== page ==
BTW, I sent you a fb request earlier on, but since the system no longer prompts you (as it once did) to include a message, I just want to make sure you know it’s me 🙂

        Liked by 1 person

  2. I absolutely love all your comments. I am learning more about my Sicily than the history books. I also think that I am a Jewish Sicilian, always have. Love “u pane ca meusa”. Loved all the street foods especially i panelli. When I was a child in the morning I had to decide if I wanted ricotta, fave, panelli or pane cu latte. When the little goat would come with its owner and knock on the door and my mom would go down with a container and wait for the milk from the goat while we waited to be done my dad would get the coffee ready and the fresh mixture put in our bowls with day old bread and a little sugar (actually a lot of sugar) on top. I just finished having that for breakfast at 67 years old and it does bring back wonderful memories. Thank you for your insightful collections of history. Love it.

    Liked by 2 people

    1. Oh wow! I LOVE your stories about life in Sicily’s recent past. It must have changed such a lot.

      Last summer in a hotel in Siracusa I met a couple who reminisced about how they used to buy hot chocolate with blood in it – they were a little older than my husband and it had already died out when he was a kid. I tried to trace the tradition and I think it dated from the Aztec custom which was brought over to Sicily unchanged by the Spanish (along with Modica chocolate, also still unchanged).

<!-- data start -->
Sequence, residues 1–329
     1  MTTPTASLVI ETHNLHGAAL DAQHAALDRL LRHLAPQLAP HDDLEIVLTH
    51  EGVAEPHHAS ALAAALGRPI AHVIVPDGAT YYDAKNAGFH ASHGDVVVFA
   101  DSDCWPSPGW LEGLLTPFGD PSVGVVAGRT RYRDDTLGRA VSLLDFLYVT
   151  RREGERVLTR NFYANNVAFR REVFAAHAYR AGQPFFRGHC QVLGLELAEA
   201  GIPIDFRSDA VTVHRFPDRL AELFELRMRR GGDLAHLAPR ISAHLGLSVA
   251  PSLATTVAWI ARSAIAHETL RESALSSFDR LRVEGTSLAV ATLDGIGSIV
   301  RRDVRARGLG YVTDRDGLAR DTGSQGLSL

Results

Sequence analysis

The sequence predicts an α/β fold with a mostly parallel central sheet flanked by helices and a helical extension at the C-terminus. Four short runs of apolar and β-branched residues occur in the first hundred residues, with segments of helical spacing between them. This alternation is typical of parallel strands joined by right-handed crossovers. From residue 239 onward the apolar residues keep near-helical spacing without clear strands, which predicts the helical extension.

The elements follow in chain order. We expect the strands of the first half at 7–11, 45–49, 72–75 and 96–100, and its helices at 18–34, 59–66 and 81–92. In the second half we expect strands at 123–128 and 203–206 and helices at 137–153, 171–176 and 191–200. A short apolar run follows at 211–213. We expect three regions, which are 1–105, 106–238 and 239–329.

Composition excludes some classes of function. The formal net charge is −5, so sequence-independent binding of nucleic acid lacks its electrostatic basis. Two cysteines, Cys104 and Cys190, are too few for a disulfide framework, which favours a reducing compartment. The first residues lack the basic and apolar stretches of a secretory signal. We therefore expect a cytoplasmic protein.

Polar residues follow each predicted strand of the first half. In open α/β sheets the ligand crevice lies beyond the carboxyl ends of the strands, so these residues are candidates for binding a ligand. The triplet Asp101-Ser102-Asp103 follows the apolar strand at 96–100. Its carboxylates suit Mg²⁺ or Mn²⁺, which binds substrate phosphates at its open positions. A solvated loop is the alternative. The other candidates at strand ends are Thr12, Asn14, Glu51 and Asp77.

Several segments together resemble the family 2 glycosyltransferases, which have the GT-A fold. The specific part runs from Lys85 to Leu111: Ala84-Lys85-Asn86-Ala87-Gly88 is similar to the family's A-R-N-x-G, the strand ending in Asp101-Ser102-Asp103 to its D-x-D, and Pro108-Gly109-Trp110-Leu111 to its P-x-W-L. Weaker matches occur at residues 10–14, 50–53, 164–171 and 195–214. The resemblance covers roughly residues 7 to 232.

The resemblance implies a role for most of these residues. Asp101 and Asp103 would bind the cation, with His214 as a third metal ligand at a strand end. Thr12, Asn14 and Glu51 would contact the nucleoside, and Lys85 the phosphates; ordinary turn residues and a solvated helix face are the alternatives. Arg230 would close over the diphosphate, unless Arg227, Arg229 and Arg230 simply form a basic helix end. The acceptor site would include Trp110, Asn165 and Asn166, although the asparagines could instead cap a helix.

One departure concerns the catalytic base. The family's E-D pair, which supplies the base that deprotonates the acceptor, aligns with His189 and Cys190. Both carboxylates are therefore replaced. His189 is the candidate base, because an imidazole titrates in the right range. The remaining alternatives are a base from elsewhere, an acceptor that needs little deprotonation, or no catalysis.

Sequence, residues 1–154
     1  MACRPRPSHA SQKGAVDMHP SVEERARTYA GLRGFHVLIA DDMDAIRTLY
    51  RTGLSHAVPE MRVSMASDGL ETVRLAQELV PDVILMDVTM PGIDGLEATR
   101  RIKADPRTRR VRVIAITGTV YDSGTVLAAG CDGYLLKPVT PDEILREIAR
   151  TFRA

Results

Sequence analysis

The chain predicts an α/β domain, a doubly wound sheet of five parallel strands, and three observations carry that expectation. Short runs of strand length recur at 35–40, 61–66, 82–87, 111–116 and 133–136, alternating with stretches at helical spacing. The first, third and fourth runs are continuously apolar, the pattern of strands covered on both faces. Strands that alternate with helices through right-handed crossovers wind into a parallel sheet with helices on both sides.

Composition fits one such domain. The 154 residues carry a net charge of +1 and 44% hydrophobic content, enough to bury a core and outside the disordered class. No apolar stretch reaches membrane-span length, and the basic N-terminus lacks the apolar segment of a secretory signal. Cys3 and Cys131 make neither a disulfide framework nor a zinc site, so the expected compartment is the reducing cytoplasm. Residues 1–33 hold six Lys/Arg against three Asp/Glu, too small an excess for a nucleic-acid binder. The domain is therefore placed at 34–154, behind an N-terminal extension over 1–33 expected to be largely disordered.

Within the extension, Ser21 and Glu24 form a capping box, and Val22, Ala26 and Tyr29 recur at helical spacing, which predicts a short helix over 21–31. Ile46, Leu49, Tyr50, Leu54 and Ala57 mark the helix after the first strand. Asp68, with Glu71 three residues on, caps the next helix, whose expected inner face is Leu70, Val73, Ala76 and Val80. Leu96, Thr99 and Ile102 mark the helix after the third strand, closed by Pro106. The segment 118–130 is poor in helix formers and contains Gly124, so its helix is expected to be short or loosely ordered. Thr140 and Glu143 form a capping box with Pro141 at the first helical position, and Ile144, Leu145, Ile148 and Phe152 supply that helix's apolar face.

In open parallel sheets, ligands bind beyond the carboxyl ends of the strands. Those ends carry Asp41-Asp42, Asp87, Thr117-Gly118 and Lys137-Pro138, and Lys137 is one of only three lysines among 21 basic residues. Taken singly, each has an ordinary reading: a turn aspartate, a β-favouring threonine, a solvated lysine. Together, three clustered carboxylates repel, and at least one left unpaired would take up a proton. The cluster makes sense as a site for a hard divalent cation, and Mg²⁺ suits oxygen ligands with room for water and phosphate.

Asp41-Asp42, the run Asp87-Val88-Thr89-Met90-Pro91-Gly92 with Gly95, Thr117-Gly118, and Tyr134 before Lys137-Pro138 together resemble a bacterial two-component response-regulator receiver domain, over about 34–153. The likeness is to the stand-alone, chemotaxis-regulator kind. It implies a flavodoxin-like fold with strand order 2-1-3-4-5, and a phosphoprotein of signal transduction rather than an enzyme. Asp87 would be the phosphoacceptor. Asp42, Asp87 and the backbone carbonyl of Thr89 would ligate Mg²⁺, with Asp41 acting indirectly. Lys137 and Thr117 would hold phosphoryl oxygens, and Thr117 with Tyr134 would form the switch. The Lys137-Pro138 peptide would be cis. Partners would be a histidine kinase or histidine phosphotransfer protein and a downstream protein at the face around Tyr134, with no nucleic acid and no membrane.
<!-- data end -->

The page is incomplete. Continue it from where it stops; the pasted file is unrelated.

My husband did remember having milk straight from the cow sometimes sold by vendors who would tie their cow up to a lamppost and sell the milk by the cup till the cow was empty!!!!! Very Sicilian!

      Thanks for sharing your memories!

      Liked by 1 person

  3. Fascinating!! We have yet to visit Sicily – it’s on the list! However, we have spent many weeks over the past 12 years visiting the rest of Italy, from Milano down to Soverato in Calabria. In most other areas the African immigrants (and Pakistanis) are on the street selling cheap Chinese crap illegally. How wonderful to know that in Sicily people are making a living through their art and crafting.

    Liked by 2 people

    1. Totally agree! It’s really refreshing to see people moving away from the cheap Chinese crap!
      No offence towards the Chinese is intended, but we end up with badly made stuff that doesn’t comply with safety regs, and it is probably condemned stock that failed quality controls!!

      Liked by 3 people

  4. Interesting! Instead I was given chicken broth with grated Parmesan in it, and also a tablespoon of sugar soaked in brandy… it took me years to learn to like brandy when I grew up, it was medicine for me. Sugar was considered some sort of medicament, sugar water was given to people, children or adults when feeling ill or weak… How the world has changed! … But in some families they still use the sugar water.

    Liked by 1 person

  5. Sicily has absorbed/endured so many waves of migration over the centuries. I’d like to see this post as a poster .It might take the sting out of some of the derogatory things I hear.

    Like